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Cutting with care: College students cut hair for homeless
BARSTOW • It had been six months since Jeff Thomas had his thick, white hair cut. He preferred his hair to always be short and neat, but the now homeless 50-year-old would have to give up a meal or the day’s cigarettes to pay for a barber shop cut.
“I wouldn’t go hungry or anything,” he emphasizes. “But I’m not living fat city.”
His eyes became red as he described his gratitude. Now, he doesn’t look like a slob, he said quietly.
“It’s pretty embarrassing,” Thomas said. “I’m 50 years old and I couldn’t pay to get my hair cut.”
As he told the story of how he became homeless for the second time in his life, Barstow Community College cosmetology student Vivian Grissom listened attentively while trimming inches off his wavy locks.
Every month cosmetology students from BCC visit the Desert Manna homeless shelter to cut hair for about 25 Desert Manna residents and employees. The program, approaching its second year, gives students cutting experience while benefiting those who can’t afford hair cuts, organizers say.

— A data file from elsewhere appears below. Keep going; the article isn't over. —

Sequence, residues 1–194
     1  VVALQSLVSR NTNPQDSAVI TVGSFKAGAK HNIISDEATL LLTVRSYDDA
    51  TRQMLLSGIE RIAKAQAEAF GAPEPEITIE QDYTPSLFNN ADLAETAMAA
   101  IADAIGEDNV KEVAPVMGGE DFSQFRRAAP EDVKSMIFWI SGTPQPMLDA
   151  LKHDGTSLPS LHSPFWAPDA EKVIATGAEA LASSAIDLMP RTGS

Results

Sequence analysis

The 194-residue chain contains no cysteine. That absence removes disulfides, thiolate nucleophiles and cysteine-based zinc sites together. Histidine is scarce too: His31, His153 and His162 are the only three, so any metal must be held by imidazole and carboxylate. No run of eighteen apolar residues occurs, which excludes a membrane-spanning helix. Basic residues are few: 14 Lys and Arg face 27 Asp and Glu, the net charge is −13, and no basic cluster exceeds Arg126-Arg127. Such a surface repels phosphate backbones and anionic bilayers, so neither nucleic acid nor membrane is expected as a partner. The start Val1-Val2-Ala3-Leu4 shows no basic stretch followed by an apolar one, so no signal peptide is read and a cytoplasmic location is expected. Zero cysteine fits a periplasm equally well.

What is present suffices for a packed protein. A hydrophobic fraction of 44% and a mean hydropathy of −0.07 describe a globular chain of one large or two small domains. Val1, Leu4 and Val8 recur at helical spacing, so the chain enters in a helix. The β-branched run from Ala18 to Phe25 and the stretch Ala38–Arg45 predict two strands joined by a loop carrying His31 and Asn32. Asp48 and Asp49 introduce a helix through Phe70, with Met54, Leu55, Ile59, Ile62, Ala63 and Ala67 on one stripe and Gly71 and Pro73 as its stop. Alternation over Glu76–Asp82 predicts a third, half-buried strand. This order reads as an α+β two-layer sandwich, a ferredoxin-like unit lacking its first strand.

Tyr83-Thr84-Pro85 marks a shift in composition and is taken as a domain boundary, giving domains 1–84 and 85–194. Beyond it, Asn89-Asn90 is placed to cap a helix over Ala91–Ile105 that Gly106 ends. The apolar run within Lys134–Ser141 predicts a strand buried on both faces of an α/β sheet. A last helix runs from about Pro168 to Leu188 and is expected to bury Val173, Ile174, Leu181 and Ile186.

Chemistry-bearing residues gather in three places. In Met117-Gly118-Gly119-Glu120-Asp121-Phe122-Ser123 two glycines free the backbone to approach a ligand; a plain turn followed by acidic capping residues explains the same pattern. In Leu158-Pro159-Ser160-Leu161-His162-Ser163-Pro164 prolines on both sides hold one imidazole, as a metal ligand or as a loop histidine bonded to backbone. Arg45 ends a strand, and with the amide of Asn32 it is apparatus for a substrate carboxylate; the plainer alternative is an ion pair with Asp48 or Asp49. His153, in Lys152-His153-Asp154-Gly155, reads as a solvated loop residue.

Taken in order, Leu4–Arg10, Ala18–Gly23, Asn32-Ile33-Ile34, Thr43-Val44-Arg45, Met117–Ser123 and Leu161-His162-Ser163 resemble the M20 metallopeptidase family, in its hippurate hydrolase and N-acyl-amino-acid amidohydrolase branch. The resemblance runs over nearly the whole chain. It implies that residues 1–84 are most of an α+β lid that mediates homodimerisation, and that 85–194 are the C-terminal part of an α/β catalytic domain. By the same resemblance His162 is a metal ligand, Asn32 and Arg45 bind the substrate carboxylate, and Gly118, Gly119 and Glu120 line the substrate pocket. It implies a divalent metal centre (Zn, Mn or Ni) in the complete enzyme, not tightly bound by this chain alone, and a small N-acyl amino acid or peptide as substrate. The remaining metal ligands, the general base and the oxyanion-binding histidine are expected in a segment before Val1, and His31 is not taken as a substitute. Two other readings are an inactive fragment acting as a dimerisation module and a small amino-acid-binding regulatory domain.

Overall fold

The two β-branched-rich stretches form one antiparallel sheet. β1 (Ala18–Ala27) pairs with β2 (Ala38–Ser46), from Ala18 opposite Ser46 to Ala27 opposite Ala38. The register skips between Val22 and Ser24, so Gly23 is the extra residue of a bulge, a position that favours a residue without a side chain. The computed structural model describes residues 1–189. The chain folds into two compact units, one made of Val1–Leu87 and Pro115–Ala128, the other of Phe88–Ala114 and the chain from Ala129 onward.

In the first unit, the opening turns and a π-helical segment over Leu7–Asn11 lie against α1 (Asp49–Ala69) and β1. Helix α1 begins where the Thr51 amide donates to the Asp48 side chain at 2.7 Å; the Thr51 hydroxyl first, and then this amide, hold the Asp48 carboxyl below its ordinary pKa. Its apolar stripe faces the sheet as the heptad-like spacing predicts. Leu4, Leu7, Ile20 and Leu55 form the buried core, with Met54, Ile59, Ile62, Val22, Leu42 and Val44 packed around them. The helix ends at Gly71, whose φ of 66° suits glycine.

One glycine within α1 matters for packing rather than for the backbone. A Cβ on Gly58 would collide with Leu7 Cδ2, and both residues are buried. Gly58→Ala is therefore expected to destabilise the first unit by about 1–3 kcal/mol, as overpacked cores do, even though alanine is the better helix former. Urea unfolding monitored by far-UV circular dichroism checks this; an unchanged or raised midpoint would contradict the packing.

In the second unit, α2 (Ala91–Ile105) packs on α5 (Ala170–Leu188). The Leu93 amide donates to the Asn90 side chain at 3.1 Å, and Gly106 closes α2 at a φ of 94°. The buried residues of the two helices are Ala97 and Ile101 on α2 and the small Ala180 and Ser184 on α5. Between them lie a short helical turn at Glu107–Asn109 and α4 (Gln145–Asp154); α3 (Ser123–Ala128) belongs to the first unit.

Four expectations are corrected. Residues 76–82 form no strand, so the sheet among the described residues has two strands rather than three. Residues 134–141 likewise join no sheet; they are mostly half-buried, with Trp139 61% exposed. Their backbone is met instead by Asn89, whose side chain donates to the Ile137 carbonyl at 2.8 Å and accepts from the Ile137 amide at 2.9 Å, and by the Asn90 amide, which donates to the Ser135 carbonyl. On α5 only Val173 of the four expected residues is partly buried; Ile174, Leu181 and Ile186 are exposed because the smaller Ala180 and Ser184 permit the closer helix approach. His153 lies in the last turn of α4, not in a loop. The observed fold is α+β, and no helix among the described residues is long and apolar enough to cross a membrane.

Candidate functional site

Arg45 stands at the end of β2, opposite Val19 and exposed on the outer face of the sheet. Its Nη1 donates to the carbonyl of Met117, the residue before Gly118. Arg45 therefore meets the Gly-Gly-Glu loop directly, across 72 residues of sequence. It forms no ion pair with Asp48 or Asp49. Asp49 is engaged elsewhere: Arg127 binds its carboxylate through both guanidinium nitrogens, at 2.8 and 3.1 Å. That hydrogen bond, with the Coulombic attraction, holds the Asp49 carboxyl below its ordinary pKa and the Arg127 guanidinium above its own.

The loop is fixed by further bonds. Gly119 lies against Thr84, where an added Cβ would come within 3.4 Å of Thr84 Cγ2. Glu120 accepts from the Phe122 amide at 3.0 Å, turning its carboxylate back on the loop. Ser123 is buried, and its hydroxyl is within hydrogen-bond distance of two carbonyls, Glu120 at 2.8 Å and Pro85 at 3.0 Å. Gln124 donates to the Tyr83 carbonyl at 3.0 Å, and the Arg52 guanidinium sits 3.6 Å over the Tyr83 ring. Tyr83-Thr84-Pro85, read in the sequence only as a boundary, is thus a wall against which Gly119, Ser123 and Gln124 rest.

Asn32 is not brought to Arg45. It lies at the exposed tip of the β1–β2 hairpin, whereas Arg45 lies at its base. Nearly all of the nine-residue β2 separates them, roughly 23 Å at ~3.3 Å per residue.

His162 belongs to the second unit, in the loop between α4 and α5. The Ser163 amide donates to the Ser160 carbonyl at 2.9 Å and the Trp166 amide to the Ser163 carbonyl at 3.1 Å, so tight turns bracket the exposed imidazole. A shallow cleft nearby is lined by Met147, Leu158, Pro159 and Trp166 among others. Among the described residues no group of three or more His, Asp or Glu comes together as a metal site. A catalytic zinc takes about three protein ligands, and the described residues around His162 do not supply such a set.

“I like the feeling of giving back to the community and helping people who can’t help themselves because we’ve all been there,” Grissom said.
That’s how she ended up in Barstow, she said, because she couldn’t afford the rent in Los Angeles.
“We’re all here for different reasons,” she said.
“Thank you,” Thomas said, touched by her understanding.
Steven Agcaoili, Desert Manna supervisor, said many of the visitors of the homeless shelter wouldn’t get their hair cut if it weren’t for free.
“When they were done with their hair cut — the smiles on their faces were unbelievable,” Agcaoili said. “The joy of getting a hair cut ... because they’ve gone so long without a haircut.”
Having untrimmed hair not only affects a resident’s ability to obtain employment but can mar an already damaged self-worth, Desert Manna Executive Director Sheri Randolph said.
“For men, if your hair is long and unsightly then it’s going to be more difficult for people to take you seriously as an employee or just around town,” Randolph said. “It’s kind of a fact of life.”
Thomas described how he wanted his hair cut to Grissom and her instructor, Kathy Estudillo — short on the sides and thinner in the back, with sort of a tapered look to it.
“So, you want a distinguished look?” Estudillo asked.
“Yes,” Thomas said. “A distinguished look.”